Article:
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12 September 2004
Genetic studies hint at origins of 'Celtic' nations

Celtic nations like Ireland and Scotland have more in common with the Portuguese and Spanish than with 'Celts' — the name commonly used for a group of people from ancient Alpine Europe, scientists say. "There is a received wisdom that the origin of the people of these islands lie in invasions or migrations ... but the affinities don’t point eastwards to a shared origin," said Daniel Bradley, co-author of a genetic study into Celtic origins.
     Early historians believed the Celts — thought to have come from an area to the east of modern France and south of Germany — invaded the Atlantic islands around 2,500 years ago. But archaeologists have recently questioned that theory, and now Bradley, from Trinity College Dublin, and his team, say DNA evidence supports their thinking.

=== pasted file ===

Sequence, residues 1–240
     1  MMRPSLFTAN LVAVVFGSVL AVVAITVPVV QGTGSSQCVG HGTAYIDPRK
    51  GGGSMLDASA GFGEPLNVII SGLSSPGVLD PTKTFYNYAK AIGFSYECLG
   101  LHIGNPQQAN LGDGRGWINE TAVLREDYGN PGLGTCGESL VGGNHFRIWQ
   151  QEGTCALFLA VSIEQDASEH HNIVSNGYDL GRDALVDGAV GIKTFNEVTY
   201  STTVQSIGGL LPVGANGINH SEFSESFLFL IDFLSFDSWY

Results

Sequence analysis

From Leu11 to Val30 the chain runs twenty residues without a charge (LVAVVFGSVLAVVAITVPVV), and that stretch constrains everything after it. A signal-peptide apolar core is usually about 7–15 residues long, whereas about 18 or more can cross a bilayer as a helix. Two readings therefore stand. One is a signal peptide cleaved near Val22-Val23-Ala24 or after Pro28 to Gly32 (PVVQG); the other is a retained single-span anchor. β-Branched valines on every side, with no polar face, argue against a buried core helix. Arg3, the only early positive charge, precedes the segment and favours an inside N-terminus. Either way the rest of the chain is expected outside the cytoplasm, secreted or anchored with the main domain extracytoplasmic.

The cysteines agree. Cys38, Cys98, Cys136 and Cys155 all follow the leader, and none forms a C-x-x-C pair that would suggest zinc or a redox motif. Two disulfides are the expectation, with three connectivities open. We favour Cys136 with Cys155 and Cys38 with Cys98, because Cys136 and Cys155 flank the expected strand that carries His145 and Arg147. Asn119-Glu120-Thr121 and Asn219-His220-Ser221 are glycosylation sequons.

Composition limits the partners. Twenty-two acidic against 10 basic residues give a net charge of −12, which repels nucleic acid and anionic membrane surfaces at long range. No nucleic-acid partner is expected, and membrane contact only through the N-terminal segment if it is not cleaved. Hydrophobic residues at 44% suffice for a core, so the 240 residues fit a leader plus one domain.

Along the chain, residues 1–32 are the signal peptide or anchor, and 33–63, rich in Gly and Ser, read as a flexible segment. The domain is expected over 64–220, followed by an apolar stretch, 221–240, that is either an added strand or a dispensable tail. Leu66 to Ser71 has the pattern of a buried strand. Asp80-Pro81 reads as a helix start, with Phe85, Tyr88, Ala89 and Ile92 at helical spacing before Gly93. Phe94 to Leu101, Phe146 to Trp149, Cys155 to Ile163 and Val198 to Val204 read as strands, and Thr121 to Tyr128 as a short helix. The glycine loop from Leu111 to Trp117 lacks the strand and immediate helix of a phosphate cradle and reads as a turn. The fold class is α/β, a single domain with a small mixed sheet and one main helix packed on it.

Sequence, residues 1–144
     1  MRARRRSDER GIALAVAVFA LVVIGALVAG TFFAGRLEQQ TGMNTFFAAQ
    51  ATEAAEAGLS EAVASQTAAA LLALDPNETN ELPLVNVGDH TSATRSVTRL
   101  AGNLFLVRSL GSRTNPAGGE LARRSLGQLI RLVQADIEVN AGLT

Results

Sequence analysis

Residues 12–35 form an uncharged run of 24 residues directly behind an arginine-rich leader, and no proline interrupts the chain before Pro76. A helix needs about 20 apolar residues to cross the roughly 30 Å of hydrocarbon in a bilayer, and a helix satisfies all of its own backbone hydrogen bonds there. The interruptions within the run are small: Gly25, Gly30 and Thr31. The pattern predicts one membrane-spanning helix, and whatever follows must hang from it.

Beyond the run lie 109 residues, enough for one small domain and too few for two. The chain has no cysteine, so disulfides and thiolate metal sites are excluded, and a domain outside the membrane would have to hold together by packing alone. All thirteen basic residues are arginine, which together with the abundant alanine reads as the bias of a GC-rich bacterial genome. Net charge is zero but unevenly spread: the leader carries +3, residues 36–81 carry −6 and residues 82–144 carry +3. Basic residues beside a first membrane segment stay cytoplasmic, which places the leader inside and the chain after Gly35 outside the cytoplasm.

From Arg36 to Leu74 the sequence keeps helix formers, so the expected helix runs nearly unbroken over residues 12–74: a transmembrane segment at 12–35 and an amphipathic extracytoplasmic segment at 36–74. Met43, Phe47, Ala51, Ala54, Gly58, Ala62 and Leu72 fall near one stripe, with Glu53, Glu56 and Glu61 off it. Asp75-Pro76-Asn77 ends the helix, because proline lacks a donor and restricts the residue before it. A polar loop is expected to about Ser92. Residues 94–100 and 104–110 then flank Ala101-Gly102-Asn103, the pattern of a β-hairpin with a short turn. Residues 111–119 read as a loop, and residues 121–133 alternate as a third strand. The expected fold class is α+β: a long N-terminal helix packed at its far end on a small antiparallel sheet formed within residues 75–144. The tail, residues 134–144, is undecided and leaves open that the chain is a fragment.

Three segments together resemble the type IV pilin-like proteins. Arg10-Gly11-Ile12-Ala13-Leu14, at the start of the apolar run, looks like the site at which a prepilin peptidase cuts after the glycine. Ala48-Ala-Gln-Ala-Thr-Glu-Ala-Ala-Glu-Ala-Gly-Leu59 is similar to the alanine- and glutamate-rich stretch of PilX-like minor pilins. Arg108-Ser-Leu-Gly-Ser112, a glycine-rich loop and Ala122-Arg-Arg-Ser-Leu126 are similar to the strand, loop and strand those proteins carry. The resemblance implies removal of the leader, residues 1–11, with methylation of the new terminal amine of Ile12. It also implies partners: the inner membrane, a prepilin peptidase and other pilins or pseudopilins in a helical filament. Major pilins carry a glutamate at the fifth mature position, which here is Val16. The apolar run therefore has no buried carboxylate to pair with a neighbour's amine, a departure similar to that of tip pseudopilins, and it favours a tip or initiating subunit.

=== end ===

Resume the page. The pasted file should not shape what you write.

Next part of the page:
Geneticists used DNA samples from people living in Celtic nations and compared the genetic traits with those of people in other parts of Europe. The study showed that people in Celtic areas — Wales, Scotland, Ireland, Brittany and Cornwall — had strong genetic ties, but that this heritage had more in common with people from the Iberian Peninsula. "What we would propose is that this commonality among the Atlantic facade is much older ... 6,000 years ago or earlier," said Bradley.
     He added people may have moved up from areas around modern-day Portugal and Spain at the end of the Ice Age. The similarities between Atlantic 'Celts' could also suggest these areas had good levels of communications with one another, but the study could not determine whether the common genetic traits meant “Celtic” nations would look alike or have similar temperaments.

Sources: Reuters, MSNBC (9 September 2004)

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